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Biology, Health

FitBit: 150 Billion Data Hrs Shows Sleep Hours Sweet Spot, Optimal Health Strategy

An astounding 150 billion hours of collected FitBit data from tens of millions of users indicates: 1) Aim for the sweet spot of 7.25 hrs sleep, as more or less is unhealthy. 2) Move your body throughout the day (eg. take an hour long walk every morning) and 3) get an average of 30 min of moderate to vigorous exercise 5 days a week (150 minutes of exercise/wk), 4) keep stress relatively low (do things daily to relax).

FitBit devices log the wearer’s exercise, heart rate and sleep time. They are popular in many countries and the FitBit company has amassed an impressive heart database from users over the years. From this data we can see, statistically, broken down for men vs women, that certain things are correlated with optimal health based on the measure of resting heart rate (RHR)

First, what’s the big deal with resting heart rate? It turns out that resting heart rate is a yardstick for overall health. Here is some of the evidence:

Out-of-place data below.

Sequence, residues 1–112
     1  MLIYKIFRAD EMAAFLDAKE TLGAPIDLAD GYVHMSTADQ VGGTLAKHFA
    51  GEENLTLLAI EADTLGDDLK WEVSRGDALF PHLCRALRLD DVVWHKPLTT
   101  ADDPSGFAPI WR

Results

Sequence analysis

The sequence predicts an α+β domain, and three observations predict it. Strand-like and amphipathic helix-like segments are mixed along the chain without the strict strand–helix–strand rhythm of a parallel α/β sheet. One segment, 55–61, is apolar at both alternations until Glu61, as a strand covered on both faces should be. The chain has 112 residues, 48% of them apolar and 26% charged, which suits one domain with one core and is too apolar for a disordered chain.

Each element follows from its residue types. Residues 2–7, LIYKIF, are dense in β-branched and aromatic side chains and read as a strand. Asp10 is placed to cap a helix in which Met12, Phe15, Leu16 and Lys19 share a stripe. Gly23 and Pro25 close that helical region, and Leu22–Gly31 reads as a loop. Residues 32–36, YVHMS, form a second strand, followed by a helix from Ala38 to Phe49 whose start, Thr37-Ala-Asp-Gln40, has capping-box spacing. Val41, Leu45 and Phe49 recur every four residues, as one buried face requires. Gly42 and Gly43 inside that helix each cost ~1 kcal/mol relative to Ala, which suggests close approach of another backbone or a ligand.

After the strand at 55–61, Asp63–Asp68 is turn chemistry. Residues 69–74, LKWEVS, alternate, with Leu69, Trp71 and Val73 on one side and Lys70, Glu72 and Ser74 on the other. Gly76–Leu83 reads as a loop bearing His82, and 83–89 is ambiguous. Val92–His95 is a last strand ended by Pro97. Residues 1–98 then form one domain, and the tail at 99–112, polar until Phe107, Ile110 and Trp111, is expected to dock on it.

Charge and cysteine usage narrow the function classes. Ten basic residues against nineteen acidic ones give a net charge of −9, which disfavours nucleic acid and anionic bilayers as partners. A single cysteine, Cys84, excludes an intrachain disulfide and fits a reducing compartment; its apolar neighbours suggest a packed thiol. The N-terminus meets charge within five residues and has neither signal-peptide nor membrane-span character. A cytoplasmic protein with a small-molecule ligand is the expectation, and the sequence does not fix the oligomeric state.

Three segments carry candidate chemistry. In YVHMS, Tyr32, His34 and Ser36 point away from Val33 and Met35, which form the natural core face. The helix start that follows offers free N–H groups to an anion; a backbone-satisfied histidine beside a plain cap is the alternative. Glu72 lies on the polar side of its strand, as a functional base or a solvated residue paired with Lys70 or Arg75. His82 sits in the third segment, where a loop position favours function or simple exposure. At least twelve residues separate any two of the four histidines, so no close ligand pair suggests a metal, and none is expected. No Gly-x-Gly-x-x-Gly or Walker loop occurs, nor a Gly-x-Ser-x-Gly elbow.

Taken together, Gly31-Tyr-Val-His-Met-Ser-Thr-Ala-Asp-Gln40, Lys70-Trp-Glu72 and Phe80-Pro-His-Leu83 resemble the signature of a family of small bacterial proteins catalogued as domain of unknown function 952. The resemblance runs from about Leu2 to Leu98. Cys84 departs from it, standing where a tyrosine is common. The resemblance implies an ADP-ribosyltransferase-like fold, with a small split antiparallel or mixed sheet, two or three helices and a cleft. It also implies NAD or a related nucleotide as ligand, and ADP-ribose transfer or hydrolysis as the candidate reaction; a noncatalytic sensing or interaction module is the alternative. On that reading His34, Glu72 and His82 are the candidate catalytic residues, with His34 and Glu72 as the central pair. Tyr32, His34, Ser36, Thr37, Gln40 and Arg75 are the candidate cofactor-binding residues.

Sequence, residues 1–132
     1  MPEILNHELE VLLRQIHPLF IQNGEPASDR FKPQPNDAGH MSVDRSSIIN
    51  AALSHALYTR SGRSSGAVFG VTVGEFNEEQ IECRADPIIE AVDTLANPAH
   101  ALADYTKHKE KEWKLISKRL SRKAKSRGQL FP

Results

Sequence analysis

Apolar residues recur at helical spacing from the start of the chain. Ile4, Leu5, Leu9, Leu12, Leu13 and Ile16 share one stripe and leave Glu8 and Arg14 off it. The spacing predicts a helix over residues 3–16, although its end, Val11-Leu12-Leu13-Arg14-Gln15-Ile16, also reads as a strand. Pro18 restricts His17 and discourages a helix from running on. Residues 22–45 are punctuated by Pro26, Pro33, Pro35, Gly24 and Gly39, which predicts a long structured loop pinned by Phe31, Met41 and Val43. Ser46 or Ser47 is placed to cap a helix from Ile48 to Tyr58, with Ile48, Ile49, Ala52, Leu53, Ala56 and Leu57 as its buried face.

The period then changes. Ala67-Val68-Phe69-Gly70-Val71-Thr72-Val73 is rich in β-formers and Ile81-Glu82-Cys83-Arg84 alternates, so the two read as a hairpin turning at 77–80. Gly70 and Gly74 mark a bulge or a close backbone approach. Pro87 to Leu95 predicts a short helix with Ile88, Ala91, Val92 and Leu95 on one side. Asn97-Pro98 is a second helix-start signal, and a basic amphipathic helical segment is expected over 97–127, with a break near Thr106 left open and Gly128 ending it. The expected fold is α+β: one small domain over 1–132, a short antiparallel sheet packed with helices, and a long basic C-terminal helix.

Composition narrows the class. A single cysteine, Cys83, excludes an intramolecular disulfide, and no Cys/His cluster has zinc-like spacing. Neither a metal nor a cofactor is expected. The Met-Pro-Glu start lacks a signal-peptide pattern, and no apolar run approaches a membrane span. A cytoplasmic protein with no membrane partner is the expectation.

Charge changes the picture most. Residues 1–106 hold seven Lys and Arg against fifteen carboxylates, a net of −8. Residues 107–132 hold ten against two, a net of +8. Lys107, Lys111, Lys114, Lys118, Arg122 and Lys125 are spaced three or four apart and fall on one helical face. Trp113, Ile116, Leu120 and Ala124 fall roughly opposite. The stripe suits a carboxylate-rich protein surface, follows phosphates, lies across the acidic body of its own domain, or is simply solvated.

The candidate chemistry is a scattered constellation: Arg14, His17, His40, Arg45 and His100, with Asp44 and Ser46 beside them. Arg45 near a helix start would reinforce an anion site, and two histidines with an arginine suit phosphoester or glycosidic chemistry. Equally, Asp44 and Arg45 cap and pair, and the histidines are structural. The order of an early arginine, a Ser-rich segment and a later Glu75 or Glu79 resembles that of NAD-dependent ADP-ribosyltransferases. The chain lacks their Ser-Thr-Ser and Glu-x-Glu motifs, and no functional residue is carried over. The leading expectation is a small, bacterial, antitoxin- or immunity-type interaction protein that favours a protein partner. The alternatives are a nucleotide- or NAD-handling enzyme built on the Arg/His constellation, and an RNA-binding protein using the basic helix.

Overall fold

In the general population without known coronary artery disease and heart rate lowering medication, elevated RHR is an independent risk marker for all-cause mortality but not for coronary events. – NIH

Participants (n=51,936) who received a baseline medical examination between January 1, 1974 and December 31, 2002 were recruited from the Cooper Clinic, Dallas, Texas. Highest cardiorespiratory fitness (CRF) with lower mortality was found in individuals with a RHR <60 bpm. Similarly, participants with a higher RHR, >80 bpm, were at greater risk for both CVD and all-cause mortality when compared with RHR <60 bpm.- NIH

… cumulative exposure to higher RHR is independently associated with an increased risk of mortality. – Nature

In fact, a resting heart rate of more than 80 beats a minute brings a 45 percent greater risk of death from any cause. Even those with a relatively healthy RHR between 60 to 80 have an increased mortality risk (21 percent) over those with a rate below 60. A meta review of 18 epidemiological studies showed “a mortality excess of 30% to 50% for every 20 beats/min increase” in RHR.